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Commercial Tobacco Use in American Indian and Alaska Native Populations


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Many tribes use tobacco in a traditional way for ceremonial or medicinal purposes, such as healing ceremonies and offerings. Traditional tobacco use differs from commercial tobacco use. Commercial tobacco products are addictive and contain thousands of chemicals that harm the body due to regular use.

How common is commercial tobacco use in AI/AN populations?

Since 1978, American Indians/Alaska Natives (AI/AN) have had the highest use of commercial tobacco compared to people of other races or ethnicities.

Among AI/AN populations:

  • 1 in 2 young adults aged 18 to 25 years use tobacco
  • 1 in 5 adults aged 18 and over smoke cigarettes
  • 1 in 12 adults aged 18 and over use smokeless tobacco
  • 1 in 6 women smoked during pregnancy

Smoking prevalence is highest in the Northern Plains region (Iowa, Michigan, Minnesota, Montana, Nebraska, North and South Dakota, Wisconsin, and Wyoming)

What are the health risk of tobacco use?

The use of commercial tobacco affects nearly every organ in the body and can have serious health effects leading to disability and premature death. Smoking can lead to an increased risk of developing lung cancer, diabetes, heart disease, stroke, and chronic obstructive pulmonary disease (COPD).

Health risks also exist among AI/AN women using commercial tobacco products before, during, and after pregnancy. Some of these risks include fertility problems, premature birth, birth defects, and sudden infant death syndrome (SIDS).

Why should I quit?

Stay healthy by not using commercial tobacco products and be a positive role model for your loved ones, family, and community.

  • 2 weeks after quitting, your breathing improves
  • In 1 year, your risk for a heart attack is cut in half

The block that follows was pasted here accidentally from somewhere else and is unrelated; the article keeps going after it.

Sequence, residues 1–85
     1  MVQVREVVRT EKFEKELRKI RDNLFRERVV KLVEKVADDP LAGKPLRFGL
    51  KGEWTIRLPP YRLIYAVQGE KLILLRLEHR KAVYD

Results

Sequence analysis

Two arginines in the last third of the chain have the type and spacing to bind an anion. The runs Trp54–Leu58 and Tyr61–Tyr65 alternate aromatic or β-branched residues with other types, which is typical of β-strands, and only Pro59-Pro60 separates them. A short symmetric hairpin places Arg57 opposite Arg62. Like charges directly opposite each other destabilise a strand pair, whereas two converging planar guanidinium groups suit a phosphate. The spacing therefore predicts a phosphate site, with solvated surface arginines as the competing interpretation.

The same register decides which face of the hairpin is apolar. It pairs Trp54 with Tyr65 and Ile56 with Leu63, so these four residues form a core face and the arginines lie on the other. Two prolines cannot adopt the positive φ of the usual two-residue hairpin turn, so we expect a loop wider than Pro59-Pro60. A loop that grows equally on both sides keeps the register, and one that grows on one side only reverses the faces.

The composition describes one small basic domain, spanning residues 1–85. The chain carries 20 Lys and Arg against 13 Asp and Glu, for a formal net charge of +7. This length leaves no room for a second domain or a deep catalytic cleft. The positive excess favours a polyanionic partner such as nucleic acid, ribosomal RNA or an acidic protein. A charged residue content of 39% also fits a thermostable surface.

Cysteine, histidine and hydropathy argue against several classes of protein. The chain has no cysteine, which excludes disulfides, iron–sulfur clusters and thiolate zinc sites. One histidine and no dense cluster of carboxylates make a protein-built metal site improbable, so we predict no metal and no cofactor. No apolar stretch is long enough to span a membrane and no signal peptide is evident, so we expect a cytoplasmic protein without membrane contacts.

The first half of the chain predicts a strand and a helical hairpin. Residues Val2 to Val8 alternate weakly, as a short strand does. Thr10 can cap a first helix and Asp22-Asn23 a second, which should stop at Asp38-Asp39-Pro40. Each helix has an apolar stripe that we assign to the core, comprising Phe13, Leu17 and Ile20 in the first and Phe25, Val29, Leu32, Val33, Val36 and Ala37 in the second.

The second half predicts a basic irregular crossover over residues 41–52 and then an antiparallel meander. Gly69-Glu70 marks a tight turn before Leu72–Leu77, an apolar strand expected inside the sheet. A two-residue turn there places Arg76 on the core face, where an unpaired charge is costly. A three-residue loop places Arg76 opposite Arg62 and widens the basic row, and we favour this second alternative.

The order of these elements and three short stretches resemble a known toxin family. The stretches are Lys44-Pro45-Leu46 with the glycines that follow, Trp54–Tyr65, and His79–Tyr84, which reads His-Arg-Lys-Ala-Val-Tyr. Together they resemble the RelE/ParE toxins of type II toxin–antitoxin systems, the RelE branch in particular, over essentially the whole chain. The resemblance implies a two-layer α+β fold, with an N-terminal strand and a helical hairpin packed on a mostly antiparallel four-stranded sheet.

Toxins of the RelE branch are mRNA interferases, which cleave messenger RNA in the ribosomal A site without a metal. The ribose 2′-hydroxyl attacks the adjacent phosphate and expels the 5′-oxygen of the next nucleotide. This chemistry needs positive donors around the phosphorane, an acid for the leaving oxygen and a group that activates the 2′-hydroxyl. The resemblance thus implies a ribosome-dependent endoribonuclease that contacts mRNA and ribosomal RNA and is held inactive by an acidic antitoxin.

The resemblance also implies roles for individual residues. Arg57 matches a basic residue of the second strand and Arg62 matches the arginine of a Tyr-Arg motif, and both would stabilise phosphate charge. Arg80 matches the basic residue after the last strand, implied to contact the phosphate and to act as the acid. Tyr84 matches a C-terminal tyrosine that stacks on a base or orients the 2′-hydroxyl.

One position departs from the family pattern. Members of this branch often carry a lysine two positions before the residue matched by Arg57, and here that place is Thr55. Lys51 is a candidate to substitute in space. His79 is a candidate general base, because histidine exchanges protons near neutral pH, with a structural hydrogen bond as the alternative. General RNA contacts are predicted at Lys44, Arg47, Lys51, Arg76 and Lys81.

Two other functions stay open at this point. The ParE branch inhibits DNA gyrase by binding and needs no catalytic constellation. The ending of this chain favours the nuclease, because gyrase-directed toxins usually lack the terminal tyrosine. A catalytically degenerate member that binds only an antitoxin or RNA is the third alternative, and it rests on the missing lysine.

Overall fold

• In 5 years, your risk for a stroke is the same as a person who never smoked
  • In 10 years, your risk of lung cancer is reduced by half
  • To lower your cholesterol levels
  • To lower your risk of developing type 2 diabetes
  • To lower your risk for gum disease
  • To avoid exposing your friends and family to secondhand and thirdhand smoke

How do I quit?

FDA-approved smoking cessation products can help you quit. Talk to your doctor or pharmacist to find a treatment that is right for you.

  • Over-the-counter nicotine replacement medications may come in the form of skin patches, gum, lozenges, inhaler, or nasal spray.
  • Prescription products are available through a prescription from your health care provider. These products may come in the form of pills, inhaler, or nasal spray.

Where can I learn more?

The Indian Health Service has information on tobacco prevention at: www.ihs.gov/forpatients/healthtopics/TobaccoPrevention.

For resources to help you quit, visit: www.smokefree.gov.

To speak with a smoking cessation counselor, call the Centers for Disease Control and Prevention at: 1-800-Quit-Now (784-8669).

For more information on health equity, visit www.fda.gov/healthequity.

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Additional Languages

We hope that you find these translations useful. While the agency has attempted to obtain translations that are as faithful as possible to the English version, we recognize that the translated versions may not be as precise, clear, or complete as the English version. The official versions of these materials are the English versions.


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